All of the exercise tests were performed on an electronically braked cycle ergometer (Excalibur Sport, Lode, Groningen, The Netherlands) connected to and operated by a metabolic cart (Quark b2, Cosmed, Rome, Italy) that also allowed continuous, breath-by-breath measures of pulmonary gas exchange and ventilation (at the mouth) and HR. Before each test, the gas analyzers and the turbine flow meter of the system were calibrated, following the manufacturer's instructions, by using a gas mixture of known concentration (FO2: 0.16; FCO2: 0.05; N2 as balance) and a 3.0-liter calibrated syringe.
For measurement of the Q̇, the left arm was bent and suspended at the level of the xyphoid with a sling, while arterial pressure profile was continuously recorded at a fingertip by using a noninvasive photoplethysmographic method (Portapres, FMS, Amsterdam, The Netherlands). Pressure values were corrected for the height difference between the heart and the fingertip, as indicated by the manufacturer. Furthermore, during the last repetition of ModA and the second ModB set, Q̇ was measured at rest and during the last minute of exercise (the exercise duration was prolonged to 7 min), by means of an inert gas rebreathing method (68) (Innocor, Innovision, Odense, Denmark).
Muscle oxygenation was evaluated by means of a frequency-domain multidistance (FDMD) NIRS system (OxiplexTS, ISS, Champaign, IL) that provides a continuous measurement of absolute concentrations (micromolar) of oxyhemoglobin ([O2Hb]) and deoxyhemoglobin ([HHb]) (26). The physical principles and the technology behind the FDMD method have been given in detail elsewhere (33). After shaving, cleaning, and drying of the skin area, the NIRS lightweight plastic probe was longitudinally positioned on the belly of the vastus lateralis muscle 15 cm above the patella and attached to the skin with a biadhesive tape. The position of the probe on the thigh was then pen-marked to check for sliding and to allow repositioning on the following tests days. Finally, the probe was secured with elastic bandages around the thigh. The apparatus was calibrated on each test day after a warm-up of at least 30 min, following the manufacturer's recommendations.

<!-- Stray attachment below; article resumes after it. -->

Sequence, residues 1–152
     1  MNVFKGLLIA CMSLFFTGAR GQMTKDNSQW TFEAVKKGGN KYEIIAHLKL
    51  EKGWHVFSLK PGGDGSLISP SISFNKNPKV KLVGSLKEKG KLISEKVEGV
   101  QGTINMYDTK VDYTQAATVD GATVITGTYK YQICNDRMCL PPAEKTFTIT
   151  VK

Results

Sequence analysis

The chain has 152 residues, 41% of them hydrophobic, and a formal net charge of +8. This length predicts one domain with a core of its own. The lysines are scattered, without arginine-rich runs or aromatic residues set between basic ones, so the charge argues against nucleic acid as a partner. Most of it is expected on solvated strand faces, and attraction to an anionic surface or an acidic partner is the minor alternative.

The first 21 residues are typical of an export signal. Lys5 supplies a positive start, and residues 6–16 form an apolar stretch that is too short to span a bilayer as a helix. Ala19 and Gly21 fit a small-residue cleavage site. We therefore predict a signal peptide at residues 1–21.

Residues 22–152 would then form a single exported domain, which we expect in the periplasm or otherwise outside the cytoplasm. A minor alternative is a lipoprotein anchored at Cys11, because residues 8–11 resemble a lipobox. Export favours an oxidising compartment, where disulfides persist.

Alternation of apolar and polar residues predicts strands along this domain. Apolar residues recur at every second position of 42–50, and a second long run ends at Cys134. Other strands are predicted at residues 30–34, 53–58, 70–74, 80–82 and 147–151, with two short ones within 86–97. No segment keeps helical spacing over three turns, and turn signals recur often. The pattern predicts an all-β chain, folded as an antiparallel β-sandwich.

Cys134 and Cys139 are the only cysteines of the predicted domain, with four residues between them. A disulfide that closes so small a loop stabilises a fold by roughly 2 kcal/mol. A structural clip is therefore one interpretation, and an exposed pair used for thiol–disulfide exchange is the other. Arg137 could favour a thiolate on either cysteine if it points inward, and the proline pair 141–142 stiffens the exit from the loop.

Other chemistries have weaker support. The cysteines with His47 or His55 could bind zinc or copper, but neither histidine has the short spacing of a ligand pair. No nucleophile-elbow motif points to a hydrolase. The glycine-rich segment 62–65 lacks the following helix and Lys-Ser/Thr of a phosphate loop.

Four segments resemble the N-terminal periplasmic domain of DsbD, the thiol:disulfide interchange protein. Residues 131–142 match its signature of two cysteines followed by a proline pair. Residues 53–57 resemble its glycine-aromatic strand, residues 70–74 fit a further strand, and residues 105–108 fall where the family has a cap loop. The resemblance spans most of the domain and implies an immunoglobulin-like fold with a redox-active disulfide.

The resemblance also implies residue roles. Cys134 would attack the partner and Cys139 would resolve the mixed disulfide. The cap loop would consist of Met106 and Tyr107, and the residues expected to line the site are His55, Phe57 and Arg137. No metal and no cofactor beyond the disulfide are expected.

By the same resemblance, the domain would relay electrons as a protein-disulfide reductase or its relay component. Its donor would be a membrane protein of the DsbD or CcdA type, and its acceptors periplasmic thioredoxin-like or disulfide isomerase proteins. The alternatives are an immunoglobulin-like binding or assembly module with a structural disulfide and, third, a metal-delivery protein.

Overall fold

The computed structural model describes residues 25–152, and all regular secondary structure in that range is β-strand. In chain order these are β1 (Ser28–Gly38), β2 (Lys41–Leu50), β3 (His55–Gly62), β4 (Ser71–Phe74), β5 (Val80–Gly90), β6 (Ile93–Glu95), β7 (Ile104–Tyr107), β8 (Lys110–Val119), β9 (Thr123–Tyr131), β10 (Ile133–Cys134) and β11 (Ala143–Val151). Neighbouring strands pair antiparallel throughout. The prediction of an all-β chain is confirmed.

During repetitions 1 and 2 of ModA and the first ModB set, arterialized capillary blood samples were taken from an earlobe at rest, at FC, and at the end of the step exercises at min 0, 1, 3, and 5, for the determination of blood concentration ([La]b, mmol) by means of an electro-enzymatic method (Biosen C_line, EKF Diagnostics, Barleben, Germany).
VT1 and VT2 were individually estimated by applying the Wasserman method (9). V̇o2 max and all maximal variables were calculated as the average of the last 10 s before the end of the exercise.